Faculty member honored for innovative chemical engineering teaching

By Drew Daws

Published: Oct 1, 2019 12:00:00 AM

Joseph Shaeiwitz wins the Outstanding Faculty Award in 2019 Joseph Shaeiwitz wins the Outstanding Faculty Award in 2019

An Auburn University chemical engineering professor recently received a lifetime achievement award for his commitment to innovative engineering education methods.

The American Society for Engineering Education (ASEE) honored Joseph Shaeiwitz, visiting professor in chemical engineering, with the Donald Woods Lifetime Award for Lifetime Achievement in Chemical Engineering Pedagogy.

He received the award at the ASEE’s 126th annual Conference and Exposition, where he spoke on lessons learned during his more than 40 years of teaching.

“This award was previously two separate awards; the first winners of those awards I consider to be role models that helped shaped my career,” he said. “It is an honor to recognized among this esteemed group of individuals who have contributed so much to pedagogy.”

Shaeiwitz is currently in his 42nd year in academia. He spent 29 years at West Virginia University prior to joining the Auburn faculty.

“While at WVU, I co-authored a very popular Capstone design textbook with my colleague, Richard Turton,” he said. “I was one of the first early on to disseminate pedagogy centered on active-learning assessment.”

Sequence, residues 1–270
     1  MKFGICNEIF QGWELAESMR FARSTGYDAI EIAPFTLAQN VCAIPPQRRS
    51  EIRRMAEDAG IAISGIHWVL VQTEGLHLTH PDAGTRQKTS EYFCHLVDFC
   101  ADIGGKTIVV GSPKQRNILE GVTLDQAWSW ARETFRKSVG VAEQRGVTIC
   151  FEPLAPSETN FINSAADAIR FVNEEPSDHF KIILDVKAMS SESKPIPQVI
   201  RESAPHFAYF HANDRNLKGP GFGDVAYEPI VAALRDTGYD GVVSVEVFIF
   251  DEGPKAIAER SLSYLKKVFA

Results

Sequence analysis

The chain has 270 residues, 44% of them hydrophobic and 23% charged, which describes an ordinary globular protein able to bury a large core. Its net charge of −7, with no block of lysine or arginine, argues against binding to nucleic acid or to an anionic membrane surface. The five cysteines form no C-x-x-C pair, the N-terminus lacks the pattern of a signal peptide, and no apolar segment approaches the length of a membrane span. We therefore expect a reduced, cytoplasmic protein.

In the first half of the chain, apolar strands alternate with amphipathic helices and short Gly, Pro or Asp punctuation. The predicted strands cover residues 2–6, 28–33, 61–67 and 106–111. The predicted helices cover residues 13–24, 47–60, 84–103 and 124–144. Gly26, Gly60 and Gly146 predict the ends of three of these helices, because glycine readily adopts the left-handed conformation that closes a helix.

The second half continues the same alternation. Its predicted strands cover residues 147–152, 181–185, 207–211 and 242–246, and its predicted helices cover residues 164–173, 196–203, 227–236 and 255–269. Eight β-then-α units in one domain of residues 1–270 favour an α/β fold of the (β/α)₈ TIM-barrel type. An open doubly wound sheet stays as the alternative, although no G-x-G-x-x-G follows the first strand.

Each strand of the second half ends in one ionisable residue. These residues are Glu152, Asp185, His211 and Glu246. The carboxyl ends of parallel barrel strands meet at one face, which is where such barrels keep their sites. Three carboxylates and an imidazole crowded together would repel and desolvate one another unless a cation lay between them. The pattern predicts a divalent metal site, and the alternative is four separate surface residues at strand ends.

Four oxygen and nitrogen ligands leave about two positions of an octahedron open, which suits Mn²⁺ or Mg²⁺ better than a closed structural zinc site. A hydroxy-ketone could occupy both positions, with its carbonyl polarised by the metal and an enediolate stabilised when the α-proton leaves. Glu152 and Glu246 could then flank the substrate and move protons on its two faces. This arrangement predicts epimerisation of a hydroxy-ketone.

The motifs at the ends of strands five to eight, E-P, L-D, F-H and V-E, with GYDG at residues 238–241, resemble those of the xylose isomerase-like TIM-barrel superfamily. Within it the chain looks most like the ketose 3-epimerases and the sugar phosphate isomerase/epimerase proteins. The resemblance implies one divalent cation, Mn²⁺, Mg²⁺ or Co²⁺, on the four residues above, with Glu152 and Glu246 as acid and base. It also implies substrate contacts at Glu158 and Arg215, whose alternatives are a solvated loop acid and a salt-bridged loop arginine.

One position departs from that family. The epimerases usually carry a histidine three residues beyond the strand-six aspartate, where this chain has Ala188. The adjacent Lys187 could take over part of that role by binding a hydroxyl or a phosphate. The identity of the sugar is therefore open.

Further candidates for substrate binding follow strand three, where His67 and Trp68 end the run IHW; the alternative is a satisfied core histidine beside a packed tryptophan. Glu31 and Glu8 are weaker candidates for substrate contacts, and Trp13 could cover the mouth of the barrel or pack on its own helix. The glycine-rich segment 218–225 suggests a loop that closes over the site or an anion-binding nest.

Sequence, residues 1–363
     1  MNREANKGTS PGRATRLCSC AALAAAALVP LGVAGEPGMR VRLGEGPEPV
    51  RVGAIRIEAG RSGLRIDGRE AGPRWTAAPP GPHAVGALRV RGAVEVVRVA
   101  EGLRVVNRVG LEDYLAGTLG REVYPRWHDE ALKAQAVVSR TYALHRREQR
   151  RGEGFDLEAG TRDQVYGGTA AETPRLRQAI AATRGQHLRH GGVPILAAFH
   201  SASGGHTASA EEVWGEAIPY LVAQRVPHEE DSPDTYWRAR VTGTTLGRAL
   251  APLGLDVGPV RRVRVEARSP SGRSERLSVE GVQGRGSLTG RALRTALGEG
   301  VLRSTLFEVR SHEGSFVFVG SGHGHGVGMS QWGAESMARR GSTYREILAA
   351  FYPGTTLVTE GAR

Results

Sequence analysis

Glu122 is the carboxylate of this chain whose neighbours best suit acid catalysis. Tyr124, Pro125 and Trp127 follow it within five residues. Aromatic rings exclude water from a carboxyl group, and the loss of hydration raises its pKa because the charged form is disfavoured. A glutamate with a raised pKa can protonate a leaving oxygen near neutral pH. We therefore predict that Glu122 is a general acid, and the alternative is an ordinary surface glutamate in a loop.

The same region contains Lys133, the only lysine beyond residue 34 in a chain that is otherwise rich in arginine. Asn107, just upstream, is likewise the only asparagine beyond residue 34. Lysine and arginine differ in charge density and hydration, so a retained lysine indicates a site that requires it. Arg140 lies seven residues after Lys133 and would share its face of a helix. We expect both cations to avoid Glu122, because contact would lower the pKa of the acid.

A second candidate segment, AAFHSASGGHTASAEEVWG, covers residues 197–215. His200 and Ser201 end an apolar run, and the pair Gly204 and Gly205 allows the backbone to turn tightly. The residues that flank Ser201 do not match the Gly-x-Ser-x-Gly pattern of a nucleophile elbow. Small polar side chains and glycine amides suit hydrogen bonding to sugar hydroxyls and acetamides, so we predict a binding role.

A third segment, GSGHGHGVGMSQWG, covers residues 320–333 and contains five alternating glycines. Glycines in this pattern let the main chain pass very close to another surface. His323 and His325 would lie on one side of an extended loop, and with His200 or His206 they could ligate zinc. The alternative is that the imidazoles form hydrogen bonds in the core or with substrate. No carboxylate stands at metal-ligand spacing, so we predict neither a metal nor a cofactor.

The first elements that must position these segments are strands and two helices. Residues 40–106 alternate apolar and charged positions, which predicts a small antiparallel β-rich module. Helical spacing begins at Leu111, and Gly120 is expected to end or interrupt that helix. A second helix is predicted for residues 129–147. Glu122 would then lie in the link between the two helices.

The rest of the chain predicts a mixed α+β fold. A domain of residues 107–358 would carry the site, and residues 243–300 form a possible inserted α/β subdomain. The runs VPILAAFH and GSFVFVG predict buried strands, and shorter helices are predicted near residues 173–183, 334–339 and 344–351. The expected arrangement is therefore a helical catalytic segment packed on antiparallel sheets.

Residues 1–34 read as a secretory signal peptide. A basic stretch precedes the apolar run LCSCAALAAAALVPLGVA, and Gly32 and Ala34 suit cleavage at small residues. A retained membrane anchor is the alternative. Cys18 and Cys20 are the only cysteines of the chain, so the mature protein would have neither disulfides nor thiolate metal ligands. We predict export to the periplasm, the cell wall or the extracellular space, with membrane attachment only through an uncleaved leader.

Mario Eden, department chair in chemical engineering, said Shaeiwitz’s method of pedagogy has strengthened the core values of chemical engineering in preparing students for their future endeavors.

“Our department is fortunate to have someone like Joseph, a preeminent scholar dedicated to developing and enhancing education methods,” Eden said. “His commitment to excellence and dissemination of pedagogy make him undoubtedly qualified to receive this recognition.”

In his seven years at the university, Shaeiwitz has been responsible for introducing a chemical engineering math class and is a two-time Outstanding Chemical Engineering Faculty recipient. He has also twice received the William F. Walker Teaching Award. 

“Being at Auburn has made me enjoy coming to work again,” he said. “Several younger faculty members have recently been hired, so I have the opportunity to help them develop their teaching skills and provide them with class materials. This experience so far has proved to be profoundly rewarding.”

Shaeiwitz received his bachelor’s in chemical engineering from the University of Delaware. He then received both his master’s and doctorate in chemical engineering from Carnegie Mellon University.

Media Contact: Jeremy Henderson, jeremyhenderson@auburn.edu, 334-844-3591

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